Gloria in all her glory. — Steve Myrick

“I think that’s the best part about it,” Mr. Becker said, “by eliminating the business of proving you’re the best sailor, but giving you an opportunity to compete on a friendly basis.”

Crews who win the season championship are assigned a penalty of 15 seconds per mile for the following season, which makes it very difficult for one boat to dominate the standings.

Aileen, a custom-built Sparkman & Stephens 35-foot sloop, represents one facet of the diverse fleet. Owned by Comcast CEO Brian Roberts, a seasonal Vineyard homeowner, Aileen is one of the fastest boats in the in the harbor. Mr. Roberts is often at the helm, mixing it up with local sailors. “He obviously enjoys it because he’s out there competing,” Mr. Flam said. “I have a lot of respect for him. He could have a crew running a big yacht, and he’s out there sailing his boat himself.”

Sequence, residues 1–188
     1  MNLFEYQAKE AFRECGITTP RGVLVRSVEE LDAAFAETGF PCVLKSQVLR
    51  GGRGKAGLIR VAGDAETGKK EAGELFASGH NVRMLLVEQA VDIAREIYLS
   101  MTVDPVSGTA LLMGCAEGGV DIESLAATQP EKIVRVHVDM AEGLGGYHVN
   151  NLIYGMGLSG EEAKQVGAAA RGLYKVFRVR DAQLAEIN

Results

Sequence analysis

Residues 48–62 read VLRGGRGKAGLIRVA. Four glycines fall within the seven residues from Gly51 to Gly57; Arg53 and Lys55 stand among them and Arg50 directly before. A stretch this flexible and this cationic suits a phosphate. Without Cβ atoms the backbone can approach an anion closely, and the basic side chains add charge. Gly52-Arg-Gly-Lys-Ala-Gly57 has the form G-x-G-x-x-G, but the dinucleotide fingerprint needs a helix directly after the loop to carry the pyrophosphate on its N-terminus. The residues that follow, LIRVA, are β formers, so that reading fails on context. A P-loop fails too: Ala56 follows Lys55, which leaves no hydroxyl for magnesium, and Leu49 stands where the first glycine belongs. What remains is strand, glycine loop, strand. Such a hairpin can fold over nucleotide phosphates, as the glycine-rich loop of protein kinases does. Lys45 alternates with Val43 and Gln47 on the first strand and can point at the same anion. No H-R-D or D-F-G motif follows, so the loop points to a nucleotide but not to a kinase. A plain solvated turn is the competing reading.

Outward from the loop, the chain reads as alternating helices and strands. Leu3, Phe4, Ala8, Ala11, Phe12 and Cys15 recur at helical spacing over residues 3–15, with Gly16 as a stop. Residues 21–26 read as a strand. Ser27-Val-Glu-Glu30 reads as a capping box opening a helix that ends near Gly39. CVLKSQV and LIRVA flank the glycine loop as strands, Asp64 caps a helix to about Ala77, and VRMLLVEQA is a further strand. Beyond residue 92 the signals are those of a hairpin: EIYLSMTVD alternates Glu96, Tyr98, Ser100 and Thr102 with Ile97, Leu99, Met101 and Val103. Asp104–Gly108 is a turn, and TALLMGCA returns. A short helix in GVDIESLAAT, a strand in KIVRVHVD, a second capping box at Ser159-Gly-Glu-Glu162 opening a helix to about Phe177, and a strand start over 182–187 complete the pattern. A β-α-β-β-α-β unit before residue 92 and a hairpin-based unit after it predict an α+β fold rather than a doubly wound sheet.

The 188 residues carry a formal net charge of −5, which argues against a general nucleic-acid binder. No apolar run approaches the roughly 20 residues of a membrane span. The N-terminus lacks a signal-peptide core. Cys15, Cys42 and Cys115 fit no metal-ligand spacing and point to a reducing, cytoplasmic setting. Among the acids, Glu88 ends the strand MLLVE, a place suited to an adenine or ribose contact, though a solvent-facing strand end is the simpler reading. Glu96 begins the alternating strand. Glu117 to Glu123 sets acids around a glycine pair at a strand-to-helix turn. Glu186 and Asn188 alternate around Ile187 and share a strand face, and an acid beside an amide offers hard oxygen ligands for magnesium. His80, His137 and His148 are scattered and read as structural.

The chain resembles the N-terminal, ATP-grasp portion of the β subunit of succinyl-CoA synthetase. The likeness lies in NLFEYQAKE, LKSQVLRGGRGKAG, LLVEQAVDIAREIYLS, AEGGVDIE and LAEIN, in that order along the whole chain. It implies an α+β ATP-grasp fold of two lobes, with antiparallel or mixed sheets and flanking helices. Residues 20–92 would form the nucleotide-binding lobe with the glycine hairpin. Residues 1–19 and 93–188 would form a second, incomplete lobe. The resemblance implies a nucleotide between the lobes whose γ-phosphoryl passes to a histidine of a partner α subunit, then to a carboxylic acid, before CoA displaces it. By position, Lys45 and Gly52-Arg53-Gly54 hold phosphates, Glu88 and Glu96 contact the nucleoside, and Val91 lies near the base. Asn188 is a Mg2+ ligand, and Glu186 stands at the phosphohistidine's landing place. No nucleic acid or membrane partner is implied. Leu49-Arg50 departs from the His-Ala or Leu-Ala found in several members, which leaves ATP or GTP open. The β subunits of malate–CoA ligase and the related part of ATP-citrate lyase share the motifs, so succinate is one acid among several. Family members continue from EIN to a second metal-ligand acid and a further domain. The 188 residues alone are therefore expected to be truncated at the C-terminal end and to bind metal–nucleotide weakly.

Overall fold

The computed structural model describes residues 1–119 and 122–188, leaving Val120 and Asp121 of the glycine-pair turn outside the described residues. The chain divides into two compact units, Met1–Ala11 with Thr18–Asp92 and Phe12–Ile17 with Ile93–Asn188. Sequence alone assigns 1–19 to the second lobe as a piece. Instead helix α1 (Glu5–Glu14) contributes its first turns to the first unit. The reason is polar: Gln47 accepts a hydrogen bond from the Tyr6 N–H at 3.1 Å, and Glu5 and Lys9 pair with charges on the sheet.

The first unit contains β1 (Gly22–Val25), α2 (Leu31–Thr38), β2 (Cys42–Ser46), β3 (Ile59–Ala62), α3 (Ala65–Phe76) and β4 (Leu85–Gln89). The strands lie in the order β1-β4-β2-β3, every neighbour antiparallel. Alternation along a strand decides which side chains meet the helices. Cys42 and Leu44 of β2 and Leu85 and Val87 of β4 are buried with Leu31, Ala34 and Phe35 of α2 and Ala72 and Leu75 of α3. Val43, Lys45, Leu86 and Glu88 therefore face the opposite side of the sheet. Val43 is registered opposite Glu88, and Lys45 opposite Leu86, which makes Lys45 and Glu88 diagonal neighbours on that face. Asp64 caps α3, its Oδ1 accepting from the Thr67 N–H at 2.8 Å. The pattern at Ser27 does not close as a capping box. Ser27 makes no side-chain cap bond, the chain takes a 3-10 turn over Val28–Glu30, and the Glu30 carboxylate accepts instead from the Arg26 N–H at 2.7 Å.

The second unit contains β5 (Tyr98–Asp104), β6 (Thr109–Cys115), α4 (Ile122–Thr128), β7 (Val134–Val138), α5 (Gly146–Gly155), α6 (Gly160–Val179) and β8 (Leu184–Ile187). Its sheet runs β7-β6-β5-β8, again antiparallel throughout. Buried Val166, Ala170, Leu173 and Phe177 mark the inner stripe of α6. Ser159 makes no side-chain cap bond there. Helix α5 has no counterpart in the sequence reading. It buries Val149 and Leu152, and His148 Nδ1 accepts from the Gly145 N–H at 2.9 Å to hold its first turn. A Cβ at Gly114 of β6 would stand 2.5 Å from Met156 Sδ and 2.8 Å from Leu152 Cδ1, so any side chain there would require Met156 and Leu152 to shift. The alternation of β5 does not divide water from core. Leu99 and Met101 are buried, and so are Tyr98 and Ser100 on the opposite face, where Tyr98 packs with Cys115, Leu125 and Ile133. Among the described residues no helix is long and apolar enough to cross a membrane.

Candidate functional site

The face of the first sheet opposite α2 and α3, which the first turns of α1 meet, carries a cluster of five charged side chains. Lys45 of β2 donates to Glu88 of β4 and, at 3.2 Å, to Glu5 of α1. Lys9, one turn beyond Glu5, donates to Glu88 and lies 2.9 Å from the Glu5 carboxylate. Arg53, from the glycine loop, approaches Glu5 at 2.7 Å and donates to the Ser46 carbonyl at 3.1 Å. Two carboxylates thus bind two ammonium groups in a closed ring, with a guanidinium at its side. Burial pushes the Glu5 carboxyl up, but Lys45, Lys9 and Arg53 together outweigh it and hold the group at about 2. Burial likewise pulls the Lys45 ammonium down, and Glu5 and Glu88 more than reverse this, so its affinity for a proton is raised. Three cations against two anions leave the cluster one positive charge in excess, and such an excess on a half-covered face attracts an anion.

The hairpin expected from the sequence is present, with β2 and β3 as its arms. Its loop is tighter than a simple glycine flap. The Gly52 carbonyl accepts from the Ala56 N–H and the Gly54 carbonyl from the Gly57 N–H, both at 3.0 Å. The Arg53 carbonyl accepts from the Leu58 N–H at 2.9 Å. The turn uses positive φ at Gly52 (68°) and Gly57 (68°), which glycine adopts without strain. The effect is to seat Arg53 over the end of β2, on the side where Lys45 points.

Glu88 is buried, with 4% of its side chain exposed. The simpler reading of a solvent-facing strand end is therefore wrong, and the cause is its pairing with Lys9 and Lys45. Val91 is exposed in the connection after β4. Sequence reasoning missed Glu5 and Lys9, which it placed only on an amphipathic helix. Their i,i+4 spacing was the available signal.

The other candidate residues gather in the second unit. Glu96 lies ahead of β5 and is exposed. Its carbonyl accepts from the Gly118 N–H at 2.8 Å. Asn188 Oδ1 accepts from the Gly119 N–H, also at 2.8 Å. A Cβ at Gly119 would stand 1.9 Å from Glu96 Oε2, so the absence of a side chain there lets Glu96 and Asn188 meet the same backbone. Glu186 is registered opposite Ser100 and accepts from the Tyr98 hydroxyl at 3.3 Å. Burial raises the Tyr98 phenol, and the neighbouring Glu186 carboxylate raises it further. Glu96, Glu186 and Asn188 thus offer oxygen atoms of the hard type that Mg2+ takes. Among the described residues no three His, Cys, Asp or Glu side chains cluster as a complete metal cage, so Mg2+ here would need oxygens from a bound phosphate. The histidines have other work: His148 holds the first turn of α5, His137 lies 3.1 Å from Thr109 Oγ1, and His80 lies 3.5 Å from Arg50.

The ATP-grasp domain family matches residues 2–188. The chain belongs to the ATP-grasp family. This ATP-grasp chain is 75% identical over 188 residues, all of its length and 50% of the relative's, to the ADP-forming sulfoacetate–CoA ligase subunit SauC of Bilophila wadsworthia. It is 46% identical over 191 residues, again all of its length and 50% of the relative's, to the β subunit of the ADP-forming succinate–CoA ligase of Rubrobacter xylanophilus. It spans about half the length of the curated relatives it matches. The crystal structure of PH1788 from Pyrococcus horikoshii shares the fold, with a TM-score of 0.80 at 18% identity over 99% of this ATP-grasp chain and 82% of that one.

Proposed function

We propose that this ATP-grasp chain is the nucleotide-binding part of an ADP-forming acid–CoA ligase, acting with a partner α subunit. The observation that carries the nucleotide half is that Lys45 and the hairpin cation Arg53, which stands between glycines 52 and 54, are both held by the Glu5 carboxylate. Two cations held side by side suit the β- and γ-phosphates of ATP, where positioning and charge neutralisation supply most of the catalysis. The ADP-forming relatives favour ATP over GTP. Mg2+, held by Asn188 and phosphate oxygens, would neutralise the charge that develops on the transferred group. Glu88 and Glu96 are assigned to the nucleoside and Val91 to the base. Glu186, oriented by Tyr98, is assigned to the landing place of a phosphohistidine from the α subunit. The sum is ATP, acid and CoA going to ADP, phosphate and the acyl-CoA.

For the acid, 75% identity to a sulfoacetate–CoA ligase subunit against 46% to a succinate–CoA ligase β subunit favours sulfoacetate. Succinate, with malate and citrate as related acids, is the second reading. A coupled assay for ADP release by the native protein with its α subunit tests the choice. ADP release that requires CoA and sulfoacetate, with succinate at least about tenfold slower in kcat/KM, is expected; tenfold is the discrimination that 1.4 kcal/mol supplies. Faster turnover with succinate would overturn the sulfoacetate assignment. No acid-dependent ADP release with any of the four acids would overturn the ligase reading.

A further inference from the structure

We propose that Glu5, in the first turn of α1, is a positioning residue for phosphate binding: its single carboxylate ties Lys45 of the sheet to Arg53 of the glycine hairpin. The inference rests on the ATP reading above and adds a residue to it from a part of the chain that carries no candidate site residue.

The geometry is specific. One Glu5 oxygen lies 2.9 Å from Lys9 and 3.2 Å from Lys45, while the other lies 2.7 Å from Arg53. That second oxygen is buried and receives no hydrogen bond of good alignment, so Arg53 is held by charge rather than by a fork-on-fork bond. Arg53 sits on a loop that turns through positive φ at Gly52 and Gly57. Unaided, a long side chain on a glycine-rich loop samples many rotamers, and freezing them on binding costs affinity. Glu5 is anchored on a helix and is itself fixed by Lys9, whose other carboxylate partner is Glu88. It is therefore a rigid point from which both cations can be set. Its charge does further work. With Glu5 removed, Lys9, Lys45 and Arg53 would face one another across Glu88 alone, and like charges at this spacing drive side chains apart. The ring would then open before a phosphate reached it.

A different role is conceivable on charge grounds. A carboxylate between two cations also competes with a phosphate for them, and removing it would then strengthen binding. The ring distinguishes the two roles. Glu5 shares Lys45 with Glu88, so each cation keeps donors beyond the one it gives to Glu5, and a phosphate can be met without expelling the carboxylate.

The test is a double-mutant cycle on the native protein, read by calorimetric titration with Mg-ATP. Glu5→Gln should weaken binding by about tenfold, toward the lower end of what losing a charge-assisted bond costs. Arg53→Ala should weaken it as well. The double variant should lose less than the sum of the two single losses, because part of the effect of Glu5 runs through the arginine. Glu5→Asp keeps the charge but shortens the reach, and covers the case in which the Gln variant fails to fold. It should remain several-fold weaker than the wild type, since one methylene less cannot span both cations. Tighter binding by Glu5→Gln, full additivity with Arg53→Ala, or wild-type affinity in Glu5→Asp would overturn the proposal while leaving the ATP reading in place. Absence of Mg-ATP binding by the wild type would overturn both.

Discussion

Mr. Roberts, at the helm all the way, won the tune-up race, with the best elapsed time and corrected time.

Finishing second on corrected time was Tom Welch aboard his J/100 Escape.

And King Kiwi? That decision to sail a longer course out in the middle of the Sound, but avoid the shoreline current was either lucky or smart, because King Kiwi made up a lot of ground to finish third of 11 boats overall on corrected time, and first of the eight boats in the B class.

“It was good to be sailing again,” Mr. Gates said.